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Quebec’s Bill 21: More Secularism And Antagonism

Quebec Premier, François Legault, insists that, during in the 2018 election campaign, Quebecers gave him a clear mandate to adopt Bill 40. Photo credit: Jimmy Hamelin - Coalition pour l'avenir du Québec, CC BY-SA 3.0.

Quebec’s Bill 21: More Secularism And Antagonism

By Yvonne Sam
Social and Political Commentator

Yvonne Sam -- newThe leader of the American civil rights movement and Baptist minister, Martin Luther King Jr, once said: “Nothing in the entire world is more dangerous than sincere ignorance and conscientious stupidity.”

Currently Quebec is lending truth to Dr. King’s statement, as the government and the people become enmeshed in the “brouhaha” surrounding religious symbols. The act, and its accompanying fact, were clearly spelt out in the Coalition Avenir Quebec’s (CAQ) campaign promises. Now everyone is beginning to shout as the Premier shows what he is all about. First the say and now the play.

On October 1, 2018, the CAQ, under the leadership of Francois Legault, was swept into power with a majority government, due in large part, to strong support from the predominantly francophone regions of Quebec and a Liberal base that stayed home. New records were set for the lowest share of the vote, ever registered by, either the Liberals or the Parti Québécois.

During a news conference, on October 2, 2018, the day after the momentous victory, the new Premier lost no time in laying out his priorities for the province, and for Canada as a whole. Among the priorities, which he said he would implement within his first year in office, was the intended passage of a secularism charter, one that would extend further than the religious neutrality law of the Liberals, parts of which are subject to constitutional objection.

Suffice it to say that one of the key traits of Quebec’s secularism is that it has defined itself, implicitly. The CAQ resists the wearing of religious symbols, including the hijab, by police officers and others, who wield coercive state power. The party would also ban school teachers from wearing religious symbols.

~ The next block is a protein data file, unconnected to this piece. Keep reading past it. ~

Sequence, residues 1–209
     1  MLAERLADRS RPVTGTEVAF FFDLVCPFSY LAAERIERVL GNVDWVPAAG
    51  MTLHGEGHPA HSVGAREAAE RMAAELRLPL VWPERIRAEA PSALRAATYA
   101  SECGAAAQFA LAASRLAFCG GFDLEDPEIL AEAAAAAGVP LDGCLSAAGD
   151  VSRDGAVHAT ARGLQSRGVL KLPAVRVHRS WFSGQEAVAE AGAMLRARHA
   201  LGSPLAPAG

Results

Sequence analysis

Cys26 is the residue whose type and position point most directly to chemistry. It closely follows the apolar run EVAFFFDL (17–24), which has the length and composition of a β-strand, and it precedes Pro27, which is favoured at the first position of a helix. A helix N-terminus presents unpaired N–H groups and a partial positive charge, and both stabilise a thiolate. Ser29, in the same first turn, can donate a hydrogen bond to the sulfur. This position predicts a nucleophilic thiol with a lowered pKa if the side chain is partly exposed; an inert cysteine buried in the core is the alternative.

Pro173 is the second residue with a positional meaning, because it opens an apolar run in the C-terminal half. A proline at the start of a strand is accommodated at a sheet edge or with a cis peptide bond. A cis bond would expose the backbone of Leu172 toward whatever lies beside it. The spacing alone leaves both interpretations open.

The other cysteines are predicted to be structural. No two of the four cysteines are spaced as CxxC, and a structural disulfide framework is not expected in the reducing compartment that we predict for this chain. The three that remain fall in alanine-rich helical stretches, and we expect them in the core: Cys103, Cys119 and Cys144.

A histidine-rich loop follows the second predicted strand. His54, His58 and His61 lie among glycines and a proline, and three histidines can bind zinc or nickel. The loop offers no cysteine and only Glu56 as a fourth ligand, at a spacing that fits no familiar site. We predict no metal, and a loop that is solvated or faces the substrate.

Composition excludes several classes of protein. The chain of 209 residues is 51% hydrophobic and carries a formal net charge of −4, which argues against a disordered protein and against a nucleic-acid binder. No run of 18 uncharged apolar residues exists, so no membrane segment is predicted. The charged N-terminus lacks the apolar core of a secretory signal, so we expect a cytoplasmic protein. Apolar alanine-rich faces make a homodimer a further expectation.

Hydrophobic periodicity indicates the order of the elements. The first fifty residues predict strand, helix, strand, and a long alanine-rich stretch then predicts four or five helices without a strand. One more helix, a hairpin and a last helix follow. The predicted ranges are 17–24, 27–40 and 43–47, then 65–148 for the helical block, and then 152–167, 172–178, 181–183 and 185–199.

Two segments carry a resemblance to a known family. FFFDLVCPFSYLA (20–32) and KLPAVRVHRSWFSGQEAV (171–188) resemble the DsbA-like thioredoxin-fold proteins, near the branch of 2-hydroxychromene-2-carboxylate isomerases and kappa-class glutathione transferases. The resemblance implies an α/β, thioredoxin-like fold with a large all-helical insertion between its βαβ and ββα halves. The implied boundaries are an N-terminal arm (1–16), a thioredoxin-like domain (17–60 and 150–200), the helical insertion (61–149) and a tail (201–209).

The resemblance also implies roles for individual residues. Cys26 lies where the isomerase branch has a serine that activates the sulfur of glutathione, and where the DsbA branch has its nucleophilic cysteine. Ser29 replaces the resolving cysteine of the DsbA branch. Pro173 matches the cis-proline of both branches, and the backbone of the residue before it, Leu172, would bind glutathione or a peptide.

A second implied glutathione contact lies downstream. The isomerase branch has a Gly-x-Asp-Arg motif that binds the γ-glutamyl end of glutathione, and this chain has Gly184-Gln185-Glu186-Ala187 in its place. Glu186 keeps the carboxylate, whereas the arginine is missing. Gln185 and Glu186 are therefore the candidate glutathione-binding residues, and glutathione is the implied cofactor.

The Premier also stated his preparedness, to invoke the notwithstanding clause, to enforce a ban on any public employee from wearing a religious symbol, such as a hijab or kippa in the workplace.

Commentary LogoLet us step down a familiar already-trodden path. In 2008, Quebec’s landmark report on accommodation and religious minorities — The Bouchard-Taylor Commission — recommended that all public officials, who epitomize the authority and neutrality of the state and its institutions, such as judges, Crown prosecutors, police officers, prison guards and the president and vice-president of the National Assembly of Québec, be prohibited from wearing any visible religious symbols, such as the hijab, turbans, yarmulkes and the crucifix. www.mce.gouv.qc.ca/publications/CCPARDC/rapport-final-integral-en.pdf.

On March 28, 2019, the Quebec government tabled a polarizing bill that would see religious symbols disappear, in most of the public sector. Bill 21 also doubles down on pre-existing legislation that requires citizens to uncover their faces, when accessing public services, like municipal transit and the legal system.

Since its tabling, the projected bill has been met with controversy and confusion, with constitutional experts suggesting avenues for challenge. Additionally, it has been condemned, by critics, as legalizing discrimination against religious minorities, and by proponents, as Quebec finally making good on its claims of being a secular society.

Inclusion of the notwithstanding clause, blocks citizens from challenging the bill, over violations of fundamental rights protected by the federal and provincial charters. However, legal experts contend that even in the face of the notwithstanding clause, Quebec’s secularism bill is likely to face challenges. www.thelawyersdaily.ca/articles/11454